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The Consent Fallacy
16 August 2023

The Consent Fallacy

Humans are not the rational cost-benefit analysis machines that law and economy often wants them to be. Still, when fundamental rights like self-determination are at stake, it is up to you to make the right choices. Our brains are fallible and there is no legal safety net. Do we need better protection? Are legislators asking too much by relying on our consent?


The often cited Privacy Paradox describes how people happily share – even sensitive – data despite great concerns for their privacy. But how paradoxical is this behaviour really? Existing European legislation on the processing of personal data builds its steadfast barrier against exploitation and harm on the consent of the individual. However, depending on the level of potential risk involved, letting citizens decide for their own good is not necessarily the norm in other areas of life. Drugs are subject to prohibitions and age restrictions, poisonous food ingredients and pesticides are banned, and it is not up to your mood whether you would like to wear a seat belt. Can consumers carry the burden of choice? Or did we in the protection of human rights fall prey to a consent fallacy?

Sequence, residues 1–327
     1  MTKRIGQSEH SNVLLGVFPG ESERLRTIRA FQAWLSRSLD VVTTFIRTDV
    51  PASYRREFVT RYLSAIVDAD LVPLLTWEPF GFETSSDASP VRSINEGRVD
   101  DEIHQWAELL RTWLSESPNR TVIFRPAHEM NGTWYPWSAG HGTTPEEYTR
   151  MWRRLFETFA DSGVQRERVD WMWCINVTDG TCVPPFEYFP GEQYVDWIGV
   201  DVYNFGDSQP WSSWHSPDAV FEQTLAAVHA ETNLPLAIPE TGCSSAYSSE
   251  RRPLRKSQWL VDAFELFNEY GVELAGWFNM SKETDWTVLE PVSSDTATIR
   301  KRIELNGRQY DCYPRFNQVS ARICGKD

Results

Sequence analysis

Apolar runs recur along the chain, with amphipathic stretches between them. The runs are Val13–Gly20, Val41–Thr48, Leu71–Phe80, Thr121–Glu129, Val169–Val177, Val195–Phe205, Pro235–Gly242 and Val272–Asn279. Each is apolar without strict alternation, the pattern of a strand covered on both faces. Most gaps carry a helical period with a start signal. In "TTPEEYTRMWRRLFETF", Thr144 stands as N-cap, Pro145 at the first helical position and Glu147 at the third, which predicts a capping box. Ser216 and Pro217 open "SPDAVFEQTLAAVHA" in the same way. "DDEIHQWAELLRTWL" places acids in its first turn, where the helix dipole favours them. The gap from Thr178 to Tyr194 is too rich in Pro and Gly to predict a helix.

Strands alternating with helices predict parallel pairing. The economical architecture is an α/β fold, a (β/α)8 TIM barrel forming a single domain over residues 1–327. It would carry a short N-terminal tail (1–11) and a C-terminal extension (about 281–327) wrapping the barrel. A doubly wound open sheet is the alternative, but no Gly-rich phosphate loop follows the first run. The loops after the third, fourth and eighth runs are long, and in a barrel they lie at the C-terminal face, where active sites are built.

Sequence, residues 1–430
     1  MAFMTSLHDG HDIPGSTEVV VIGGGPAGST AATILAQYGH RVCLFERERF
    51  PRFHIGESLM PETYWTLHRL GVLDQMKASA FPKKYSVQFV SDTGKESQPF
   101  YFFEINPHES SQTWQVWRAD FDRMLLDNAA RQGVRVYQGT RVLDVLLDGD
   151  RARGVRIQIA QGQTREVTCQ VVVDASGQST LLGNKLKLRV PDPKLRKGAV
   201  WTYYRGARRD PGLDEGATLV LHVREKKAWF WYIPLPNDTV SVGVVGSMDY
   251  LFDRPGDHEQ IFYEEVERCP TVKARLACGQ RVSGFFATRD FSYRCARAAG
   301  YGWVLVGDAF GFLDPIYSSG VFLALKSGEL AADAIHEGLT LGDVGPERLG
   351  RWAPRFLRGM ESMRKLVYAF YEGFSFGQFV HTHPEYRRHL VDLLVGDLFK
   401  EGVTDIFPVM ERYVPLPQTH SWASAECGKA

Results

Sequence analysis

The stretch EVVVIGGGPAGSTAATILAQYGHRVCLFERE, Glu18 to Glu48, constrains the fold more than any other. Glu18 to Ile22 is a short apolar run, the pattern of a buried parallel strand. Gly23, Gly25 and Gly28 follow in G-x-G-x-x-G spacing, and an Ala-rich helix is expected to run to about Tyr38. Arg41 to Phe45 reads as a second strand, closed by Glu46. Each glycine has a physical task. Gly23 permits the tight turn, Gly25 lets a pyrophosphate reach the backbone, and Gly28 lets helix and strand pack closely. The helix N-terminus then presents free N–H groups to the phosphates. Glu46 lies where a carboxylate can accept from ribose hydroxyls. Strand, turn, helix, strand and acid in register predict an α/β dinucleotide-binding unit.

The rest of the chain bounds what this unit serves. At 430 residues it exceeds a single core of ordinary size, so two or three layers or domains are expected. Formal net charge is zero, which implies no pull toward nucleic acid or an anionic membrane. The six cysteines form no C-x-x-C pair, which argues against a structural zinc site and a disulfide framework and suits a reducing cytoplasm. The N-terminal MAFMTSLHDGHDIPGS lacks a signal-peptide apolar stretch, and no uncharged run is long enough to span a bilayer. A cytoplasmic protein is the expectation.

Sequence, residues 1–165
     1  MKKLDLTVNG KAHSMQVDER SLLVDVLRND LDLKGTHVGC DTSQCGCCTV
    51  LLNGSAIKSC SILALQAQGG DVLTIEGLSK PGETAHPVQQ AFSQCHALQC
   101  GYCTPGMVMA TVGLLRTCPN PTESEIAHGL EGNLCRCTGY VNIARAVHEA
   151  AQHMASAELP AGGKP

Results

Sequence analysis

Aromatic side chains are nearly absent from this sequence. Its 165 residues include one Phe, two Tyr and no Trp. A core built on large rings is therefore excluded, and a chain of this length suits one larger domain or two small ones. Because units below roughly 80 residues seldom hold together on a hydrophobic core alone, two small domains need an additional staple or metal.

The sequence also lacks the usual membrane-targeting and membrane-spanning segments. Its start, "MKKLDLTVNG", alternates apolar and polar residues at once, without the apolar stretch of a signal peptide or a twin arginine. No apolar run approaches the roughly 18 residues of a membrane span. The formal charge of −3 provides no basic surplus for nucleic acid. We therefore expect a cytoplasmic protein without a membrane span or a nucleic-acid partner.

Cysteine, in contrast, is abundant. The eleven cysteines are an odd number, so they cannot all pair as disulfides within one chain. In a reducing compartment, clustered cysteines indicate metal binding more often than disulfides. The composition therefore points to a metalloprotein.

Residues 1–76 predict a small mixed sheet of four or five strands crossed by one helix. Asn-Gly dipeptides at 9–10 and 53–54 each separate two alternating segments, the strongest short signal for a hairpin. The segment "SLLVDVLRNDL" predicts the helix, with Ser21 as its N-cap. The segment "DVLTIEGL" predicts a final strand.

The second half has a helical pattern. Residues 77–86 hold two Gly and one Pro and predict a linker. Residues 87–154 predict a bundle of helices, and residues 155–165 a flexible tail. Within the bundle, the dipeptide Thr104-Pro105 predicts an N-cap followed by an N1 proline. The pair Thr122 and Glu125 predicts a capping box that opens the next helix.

Attention, economy!

Meet the ad-based business model. The attention economy offers ‘free’ digital services in exchange for cognitive real estate. Only when we pay attention to ads – or better even click on them – advertisers get a return on their investment. For that reason, platforms are incentivised to optimise their platforms for user engagement – and to collect and provide detailed metrics on user behaviour to their customers. These clusters of data range from people living in a certain area, over having a certain hobby, to even having similar, deeply rooted fears. It is no secret, and users consent to these conditions – usually, without fully grasping the trade-off.

The ultimate euphemism

Engagement orientation sounds great at first glance. It implies relevant and entertaining content, personalised to your taste. But what makes us engage? Essentially, it boils down to what attention actually is and why we pay it to what. Attention as a capacity for selective information processing as well as ‚presence of mind‘ (Franck, 2019) in its core is an evolution-driven mechanism to preserve our precious energy levels. Besides and because of that, it is a deeply rooted survival feature to make us focus on threats (Davenport & Beck, 2001): those who unswervingly admired the flower in front of them while a lion approached its easy dinner ultimately did not pass on their genes. So, what grabs our attention the most is likely fear-inducing, extreme, new, threatening, or loud. Carefully think through how this may influence online content.